John Travolta Reveals Hot Chocolate Obsession, Joins Olivia Newton-John to Talk Christmas Album on Ellen

Guest stars like Barbra Streisand knew all proceeds were going to charity, "so once we told them it was more impetus to help us," Travolta says

By Natalie Finn Dec 05, 2012 6:45 AMTags
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Grease could have been the word today!

Classic big-screen couple John Travolta and Olivia Newton-John paid a visit to Ellen today to talk about their new charity Christmas album, featuring major guest stars like Barbra Streisand, James Taylor and Tony Bennett.

"Kenny G," added Newton-John, because who can forget Kenny G?

"All the proceeds go to our charities. And they knew that so, once we told them that it was more impetus to help us," explained Travolta, whose cause is the Jett Travolta Foundation, in honor of his late son who died after suffering a seizure. Newton-John, meanwhile, is raising funds for her eponymous Cancer and Wellness Foundation.

"Autism and seizures are the least known areas of illnesses," Travolta said, noting his organization's focus. "And I feel bad that there's so many people dealing with this and there are no answers for. So, I felt like starting a foundation that will help that. Plus, I widened it.  It's also for handicapped children and the handicapped Olympics. It's also for underprivileged children. So I widened my purpose a bit there, too."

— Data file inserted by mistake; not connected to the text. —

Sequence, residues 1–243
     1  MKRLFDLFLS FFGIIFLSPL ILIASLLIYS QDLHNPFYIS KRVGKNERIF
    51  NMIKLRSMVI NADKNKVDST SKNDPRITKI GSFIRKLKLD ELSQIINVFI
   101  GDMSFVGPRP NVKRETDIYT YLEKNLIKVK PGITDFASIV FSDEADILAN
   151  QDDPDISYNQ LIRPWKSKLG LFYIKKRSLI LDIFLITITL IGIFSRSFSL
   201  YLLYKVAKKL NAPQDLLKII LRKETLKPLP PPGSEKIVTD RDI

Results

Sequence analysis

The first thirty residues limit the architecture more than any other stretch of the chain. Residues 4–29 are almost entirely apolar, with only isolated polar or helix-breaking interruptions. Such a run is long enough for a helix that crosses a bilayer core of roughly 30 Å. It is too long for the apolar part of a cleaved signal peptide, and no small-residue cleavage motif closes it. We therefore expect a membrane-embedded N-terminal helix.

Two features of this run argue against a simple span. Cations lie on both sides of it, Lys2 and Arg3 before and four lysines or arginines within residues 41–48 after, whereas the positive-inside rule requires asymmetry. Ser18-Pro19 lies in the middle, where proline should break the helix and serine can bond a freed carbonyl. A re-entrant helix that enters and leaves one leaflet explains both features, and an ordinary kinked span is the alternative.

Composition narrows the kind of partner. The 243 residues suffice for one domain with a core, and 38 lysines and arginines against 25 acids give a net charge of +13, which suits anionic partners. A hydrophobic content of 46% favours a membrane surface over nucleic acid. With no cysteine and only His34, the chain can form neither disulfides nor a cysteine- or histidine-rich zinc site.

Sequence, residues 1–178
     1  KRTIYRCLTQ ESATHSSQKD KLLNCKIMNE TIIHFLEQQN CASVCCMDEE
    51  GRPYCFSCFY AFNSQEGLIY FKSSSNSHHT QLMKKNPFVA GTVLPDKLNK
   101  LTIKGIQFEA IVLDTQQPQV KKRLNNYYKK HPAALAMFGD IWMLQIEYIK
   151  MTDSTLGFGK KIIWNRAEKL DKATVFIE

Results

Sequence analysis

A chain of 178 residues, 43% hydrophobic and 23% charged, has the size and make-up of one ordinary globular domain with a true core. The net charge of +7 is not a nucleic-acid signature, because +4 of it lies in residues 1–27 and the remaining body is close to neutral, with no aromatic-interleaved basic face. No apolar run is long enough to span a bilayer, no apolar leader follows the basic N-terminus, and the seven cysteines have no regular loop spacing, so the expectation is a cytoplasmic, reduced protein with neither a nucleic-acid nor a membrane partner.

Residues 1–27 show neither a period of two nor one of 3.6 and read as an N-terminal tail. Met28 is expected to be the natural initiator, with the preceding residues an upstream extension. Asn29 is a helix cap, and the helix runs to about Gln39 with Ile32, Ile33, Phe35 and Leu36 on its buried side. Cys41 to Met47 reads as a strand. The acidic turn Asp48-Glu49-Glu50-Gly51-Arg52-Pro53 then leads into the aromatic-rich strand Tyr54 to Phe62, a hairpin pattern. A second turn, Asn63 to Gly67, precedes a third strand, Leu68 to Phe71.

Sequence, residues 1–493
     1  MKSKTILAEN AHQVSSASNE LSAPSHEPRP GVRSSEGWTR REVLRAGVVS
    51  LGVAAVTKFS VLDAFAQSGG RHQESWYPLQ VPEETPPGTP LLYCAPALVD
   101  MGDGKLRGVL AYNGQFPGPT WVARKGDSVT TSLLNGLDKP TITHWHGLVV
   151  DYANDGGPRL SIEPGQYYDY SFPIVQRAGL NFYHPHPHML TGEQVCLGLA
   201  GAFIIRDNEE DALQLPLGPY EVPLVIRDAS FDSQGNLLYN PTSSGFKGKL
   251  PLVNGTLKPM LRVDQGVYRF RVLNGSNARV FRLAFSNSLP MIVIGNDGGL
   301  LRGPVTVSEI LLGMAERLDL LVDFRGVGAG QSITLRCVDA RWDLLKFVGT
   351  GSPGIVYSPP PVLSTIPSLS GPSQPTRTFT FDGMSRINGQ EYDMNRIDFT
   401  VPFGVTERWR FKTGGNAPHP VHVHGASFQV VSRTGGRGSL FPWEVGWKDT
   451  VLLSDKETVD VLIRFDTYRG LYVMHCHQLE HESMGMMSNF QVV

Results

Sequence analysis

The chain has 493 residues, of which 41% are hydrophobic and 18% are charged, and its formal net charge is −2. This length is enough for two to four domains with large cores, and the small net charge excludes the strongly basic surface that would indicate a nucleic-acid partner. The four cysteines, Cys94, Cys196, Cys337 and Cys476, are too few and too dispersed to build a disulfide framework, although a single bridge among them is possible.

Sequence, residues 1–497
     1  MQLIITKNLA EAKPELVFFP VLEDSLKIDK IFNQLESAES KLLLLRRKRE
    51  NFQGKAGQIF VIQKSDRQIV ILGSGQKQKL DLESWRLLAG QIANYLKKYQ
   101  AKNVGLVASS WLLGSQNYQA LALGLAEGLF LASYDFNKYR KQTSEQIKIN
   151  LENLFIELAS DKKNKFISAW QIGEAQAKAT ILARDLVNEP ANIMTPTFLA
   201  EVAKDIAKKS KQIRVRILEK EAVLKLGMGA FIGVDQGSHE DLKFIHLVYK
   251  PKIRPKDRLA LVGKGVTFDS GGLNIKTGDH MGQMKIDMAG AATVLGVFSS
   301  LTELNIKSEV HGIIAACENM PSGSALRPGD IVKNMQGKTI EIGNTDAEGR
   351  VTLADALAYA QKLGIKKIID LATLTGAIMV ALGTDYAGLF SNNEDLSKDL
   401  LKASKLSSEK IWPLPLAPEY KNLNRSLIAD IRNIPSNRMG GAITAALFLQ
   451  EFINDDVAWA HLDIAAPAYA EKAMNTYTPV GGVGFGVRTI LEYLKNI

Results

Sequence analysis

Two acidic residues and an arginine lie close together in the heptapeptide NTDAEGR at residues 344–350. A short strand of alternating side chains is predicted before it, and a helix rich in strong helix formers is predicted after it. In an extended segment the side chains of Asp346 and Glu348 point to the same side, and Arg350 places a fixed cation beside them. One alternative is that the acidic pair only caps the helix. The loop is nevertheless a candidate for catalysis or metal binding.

The more people helped the merrier, especially at this time of year, right?

Travolta, wearing a festive red and green plaid shirt, also stuck around to help Ellen out with her annual "12 Days of Giveaways."

Asked about on of his favorite parts of the holiday, Travolta admitted to just loving hot chocolate (which he and Newton-John are holding cups of on their album cover).

"It represents winter wonderlands, it represents Christmas," he gushed as the reason for the 10 little cups sitting in front of them started to reveal itself.

"I've collected various types of cocoa from around the world," he said, offering up a sniff of Brazilian cocoa powder to demonstrate the "hint of cinnamon and pepper" that differentiates it from cocoa from Germany, Australia and so on.

"Smells like chocolate," said an unconvinced Ellen. 

"Never blow on it," he continued as his host put on an exaggeratedly disturbed face. "Like a fine wine, it changes the quality of the chocolate. So, never, ever blow on it."

"I'm going to interrupt for just one second, because this is incredibly boring," Ellen said.

Maybe, but it was still pretty sweet.